BC Day is a statuary holiday and happens every year on the first monday of August. Everyone heads out to the country and has a roaring time enjoying this wonderful province.
Just for the fun of it, let me fill you in on a bit of BC history. First, our name hasn’t always been British Columbia. We actually started out as New Caledonia.
New Caledonia was the name given to a district of the Hudson’s Bay Company that comprised the territory which was largely the same as our province. It was part of the British claim to North America, but not a British colony.
New Caledonia continued to be administered by the HBC with the govenour of Vancouver Island, James Douglas, as the chief executive. There were only about 100 people in the area, but when the Fraser Canyon Gold Rush started at Yale, there suddenly came an influx of over twenty thousand people, mostly American. This compelled Douglas to exert British sovereignty by placing a gunboat at the mouth of the Fraser River in order to obtain licence fees from prospectors. The British colonial office was thus prompted to pass legislation designating New Caledonia as a crown colony on August 2, 1858 – and that’s when we got our new, and current, name. However, it wasn’t until 20 July 1871 that British Columbia became a Province of the Dominion of Canada.
The history of our flag, or flags, is also interesting. It wasn’t until 20 July 1960 that we got the “wavy white and blue with rising sun” that we have now. In fact there were several flags. Part of the history of our crest, upon which our flag is based, is quite amusing.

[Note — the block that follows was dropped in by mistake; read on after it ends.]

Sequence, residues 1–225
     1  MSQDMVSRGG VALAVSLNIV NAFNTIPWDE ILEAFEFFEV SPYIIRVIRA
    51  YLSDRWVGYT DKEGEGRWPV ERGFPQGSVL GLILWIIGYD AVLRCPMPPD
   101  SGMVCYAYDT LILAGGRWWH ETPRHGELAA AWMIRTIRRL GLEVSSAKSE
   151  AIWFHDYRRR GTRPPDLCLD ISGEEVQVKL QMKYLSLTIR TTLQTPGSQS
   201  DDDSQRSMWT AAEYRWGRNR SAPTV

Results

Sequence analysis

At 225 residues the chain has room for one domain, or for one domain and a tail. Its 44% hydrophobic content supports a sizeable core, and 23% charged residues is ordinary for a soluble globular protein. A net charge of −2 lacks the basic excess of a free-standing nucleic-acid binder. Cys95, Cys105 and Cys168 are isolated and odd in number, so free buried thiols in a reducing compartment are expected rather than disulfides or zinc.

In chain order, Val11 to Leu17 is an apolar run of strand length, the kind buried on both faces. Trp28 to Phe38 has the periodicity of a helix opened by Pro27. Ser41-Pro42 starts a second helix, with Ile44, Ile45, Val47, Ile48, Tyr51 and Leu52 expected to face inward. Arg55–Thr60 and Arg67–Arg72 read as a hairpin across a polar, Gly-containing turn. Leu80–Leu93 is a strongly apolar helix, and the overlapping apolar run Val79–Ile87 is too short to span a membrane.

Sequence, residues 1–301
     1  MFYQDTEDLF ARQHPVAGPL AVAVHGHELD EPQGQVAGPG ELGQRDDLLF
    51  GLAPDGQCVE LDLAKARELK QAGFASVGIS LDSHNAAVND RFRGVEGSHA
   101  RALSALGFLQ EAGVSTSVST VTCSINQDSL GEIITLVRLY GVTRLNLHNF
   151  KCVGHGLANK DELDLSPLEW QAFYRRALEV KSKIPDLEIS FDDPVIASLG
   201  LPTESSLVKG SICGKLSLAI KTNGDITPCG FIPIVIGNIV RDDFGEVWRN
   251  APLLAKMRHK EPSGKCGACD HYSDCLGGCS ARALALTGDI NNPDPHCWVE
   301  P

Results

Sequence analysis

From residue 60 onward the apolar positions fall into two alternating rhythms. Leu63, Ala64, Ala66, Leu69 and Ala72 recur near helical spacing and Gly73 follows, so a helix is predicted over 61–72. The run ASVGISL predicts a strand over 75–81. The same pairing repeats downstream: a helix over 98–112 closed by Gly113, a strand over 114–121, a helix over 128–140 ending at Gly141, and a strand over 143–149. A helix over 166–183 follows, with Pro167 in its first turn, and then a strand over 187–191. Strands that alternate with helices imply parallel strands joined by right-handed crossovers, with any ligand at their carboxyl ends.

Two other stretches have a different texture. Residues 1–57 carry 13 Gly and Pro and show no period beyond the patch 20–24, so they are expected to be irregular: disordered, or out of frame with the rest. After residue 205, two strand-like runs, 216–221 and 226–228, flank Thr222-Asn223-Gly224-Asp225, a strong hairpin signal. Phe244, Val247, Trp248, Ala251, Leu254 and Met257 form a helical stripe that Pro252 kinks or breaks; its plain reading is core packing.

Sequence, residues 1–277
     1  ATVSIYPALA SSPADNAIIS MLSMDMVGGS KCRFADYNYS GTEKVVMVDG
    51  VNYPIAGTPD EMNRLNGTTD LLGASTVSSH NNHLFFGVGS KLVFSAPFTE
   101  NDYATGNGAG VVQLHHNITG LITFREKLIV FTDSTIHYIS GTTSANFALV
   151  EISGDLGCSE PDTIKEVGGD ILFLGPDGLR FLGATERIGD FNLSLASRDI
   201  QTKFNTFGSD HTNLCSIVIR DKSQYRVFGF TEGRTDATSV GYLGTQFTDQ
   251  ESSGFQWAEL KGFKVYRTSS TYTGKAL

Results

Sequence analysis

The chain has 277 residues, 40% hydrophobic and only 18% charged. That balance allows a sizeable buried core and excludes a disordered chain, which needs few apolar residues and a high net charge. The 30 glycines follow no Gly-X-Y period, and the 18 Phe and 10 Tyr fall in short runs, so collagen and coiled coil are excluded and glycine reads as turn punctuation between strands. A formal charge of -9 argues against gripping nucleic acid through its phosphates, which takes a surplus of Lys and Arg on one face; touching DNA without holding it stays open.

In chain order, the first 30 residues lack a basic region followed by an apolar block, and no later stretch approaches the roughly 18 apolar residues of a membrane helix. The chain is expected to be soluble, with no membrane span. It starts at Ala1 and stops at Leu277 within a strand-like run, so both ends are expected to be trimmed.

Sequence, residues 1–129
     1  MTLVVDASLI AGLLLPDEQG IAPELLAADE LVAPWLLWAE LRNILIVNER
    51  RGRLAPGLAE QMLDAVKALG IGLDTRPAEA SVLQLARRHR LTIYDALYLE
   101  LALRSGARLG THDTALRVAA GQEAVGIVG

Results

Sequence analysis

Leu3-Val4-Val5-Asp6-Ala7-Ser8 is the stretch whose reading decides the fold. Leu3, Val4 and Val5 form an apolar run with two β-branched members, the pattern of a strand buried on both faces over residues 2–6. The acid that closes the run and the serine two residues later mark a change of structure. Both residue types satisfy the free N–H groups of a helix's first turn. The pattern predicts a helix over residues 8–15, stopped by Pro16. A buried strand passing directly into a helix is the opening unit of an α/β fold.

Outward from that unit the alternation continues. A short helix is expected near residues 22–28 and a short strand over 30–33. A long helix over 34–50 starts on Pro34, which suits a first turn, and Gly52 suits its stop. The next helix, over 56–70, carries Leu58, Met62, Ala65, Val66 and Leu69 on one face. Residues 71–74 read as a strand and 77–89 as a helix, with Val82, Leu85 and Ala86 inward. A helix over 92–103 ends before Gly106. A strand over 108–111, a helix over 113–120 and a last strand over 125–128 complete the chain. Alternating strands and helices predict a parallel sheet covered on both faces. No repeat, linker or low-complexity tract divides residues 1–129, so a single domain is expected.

When British Columbia became a province of Canada, its first proposal for a coat-of-arms and flag was a half-sun in the top half and a Union Jack in the bottom half. When the design was sent to the heralds in the United Kingdom for approval, they became appalled when they realized that the design could be interpreted as “the sun setting on the British Empire.” The design was quickly reversed so the sun was on the bottom like we see today. There are still a few examples of the original faux pas around. A stained glass window in the Provincial Parliament Buildings is one.
When we became a province in 1871 the flag one would have seen on any vessels operated by the Province of British Columbia would have been the Blue Ensign with the badge of the Dominion of Canada. The problem in those days was that we didn’t yet have and official flag. Therefore the earlier flags always looked a bit contrived. The flag at the beginning of this article is the 1870 colonial flag. The one below, is the one we got in 1960.
So, a lot of water has gone under the bridge, and here we are with a new name, a new flag, and a couple of days off work. Life is good. Enjoy your holiday!